• \$\begingroup\$ That makes sense, although 74 different languages sounds like a lot, so maybe it would be hard to find "good" languages near the end? I guess that's kind of the point though. I haven't really done any of these challenges so I don't know whether it would get hard to find a language near the end. \$\endgroup\$ – Andrew Li May 10 at 16:14
2
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Modify to Increment: Javascript Edition (WIP)


Your task is to insert bytes/characters into the previous answer such that it outputs the next number in sequence, spelled out in English, as its return value. The first answer must output one.

Coding restrictions

Your answer's code must be atomically irreducible, meaning that if it is possible to remove some subset of lexical tokens from the code and have it produce the same output, then it is an invalid answer. Note that this is a distinctly different concept from removing characters from the code, as it treats identifiers, string literals, numbers, and operators as indivisible entities. For the purposes of this challenge, a comment is considered a lexical token, so commenting out parts of the previous answer is not allowed by virtue of this restriction.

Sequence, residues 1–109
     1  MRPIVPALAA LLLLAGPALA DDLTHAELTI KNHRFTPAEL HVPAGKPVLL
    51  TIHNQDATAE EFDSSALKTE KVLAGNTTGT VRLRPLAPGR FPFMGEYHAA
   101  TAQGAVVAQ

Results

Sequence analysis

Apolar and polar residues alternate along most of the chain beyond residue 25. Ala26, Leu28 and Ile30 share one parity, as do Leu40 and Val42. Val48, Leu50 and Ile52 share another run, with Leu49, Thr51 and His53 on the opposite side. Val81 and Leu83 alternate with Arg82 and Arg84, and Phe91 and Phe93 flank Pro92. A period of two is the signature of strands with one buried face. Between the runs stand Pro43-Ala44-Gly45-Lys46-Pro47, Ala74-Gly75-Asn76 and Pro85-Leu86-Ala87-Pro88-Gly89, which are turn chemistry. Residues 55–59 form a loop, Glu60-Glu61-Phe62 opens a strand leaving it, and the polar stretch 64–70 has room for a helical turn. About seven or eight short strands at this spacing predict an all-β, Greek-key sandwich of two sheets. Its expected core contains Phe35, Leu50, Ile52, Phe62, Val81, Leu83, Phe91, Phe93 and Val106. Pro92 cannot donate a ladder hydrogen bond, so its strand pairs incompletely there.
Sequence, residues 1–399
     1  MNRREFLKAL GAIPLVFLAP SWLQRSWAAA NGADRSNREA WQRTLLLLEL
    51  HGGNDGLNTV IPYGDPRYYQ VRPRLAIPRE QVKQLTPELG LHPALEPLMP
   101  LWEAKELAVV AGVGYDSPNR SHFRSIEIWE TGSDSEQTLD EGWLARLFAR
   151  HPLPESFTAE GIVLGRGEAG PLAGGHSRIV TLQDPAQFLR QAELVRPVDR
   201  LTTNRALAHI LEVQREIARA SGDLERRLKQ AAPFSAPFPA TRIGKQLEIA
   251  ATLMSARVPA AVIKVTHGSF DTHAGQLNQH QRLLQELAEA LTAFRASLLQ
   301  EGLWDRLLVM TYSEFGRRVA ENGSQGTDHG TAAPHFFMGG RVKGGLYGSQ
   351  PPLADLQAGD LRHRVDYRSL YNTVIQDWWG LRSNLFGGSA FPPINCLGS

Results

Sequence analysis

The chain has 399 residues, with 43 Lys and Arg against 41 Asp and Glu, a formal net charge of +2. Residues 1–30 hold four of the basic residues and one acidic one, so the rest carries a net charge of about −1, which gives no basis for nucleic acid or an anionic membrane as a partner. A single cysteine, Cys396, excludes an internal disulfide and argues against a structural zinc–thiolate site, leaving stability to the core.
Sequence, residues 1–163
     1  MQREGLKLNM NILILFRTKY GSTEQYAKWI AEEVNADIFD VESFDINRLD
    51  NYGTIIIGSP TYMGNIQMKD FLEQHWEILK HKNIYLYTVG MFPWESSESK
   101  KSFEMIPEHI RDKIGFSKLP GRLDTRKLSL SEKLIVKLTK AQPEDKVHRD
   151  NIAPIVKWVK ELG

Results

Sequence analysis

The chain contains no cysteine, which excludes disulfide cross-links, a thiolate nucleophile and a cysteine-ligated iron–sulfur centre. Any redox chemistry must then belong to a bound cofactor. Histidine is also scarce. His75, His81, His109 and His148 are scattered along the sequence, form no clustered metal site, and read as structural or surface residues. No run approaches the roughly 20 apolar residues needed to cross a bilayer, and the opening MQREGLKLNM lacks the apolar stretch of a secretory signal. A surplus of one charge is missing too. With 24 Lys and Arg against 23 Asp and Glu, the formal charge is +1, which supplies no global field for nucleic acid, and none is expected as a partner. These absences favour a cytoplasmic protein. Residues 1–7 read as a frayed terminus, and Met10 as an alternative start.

Some tokens are not subject to this restriction:

  • The declaration keywords let, var, and const
  • Semicolons

Note that removing an operator between two tokens does not merge the tokens together into one token, so removing the + from 1+1 would result in 1 1 rather than 11

SANDBOX NOTE: I'm debating whether this should be tightened up to character-wise irreducibility, but I'm thinking that may be too restrictive and be too difficult to chain. On the other hand, quoting and escaping into an ever-growing .substring call seems to be a pretty easily-exploited loophole here. Perhaps a simple bandaid solution would be to ban more than 3 consecutive backslashes. Though perhaps this isn't a problem at all because answers will be trying to make it as hard as possible to chain.

Multi-digit spelling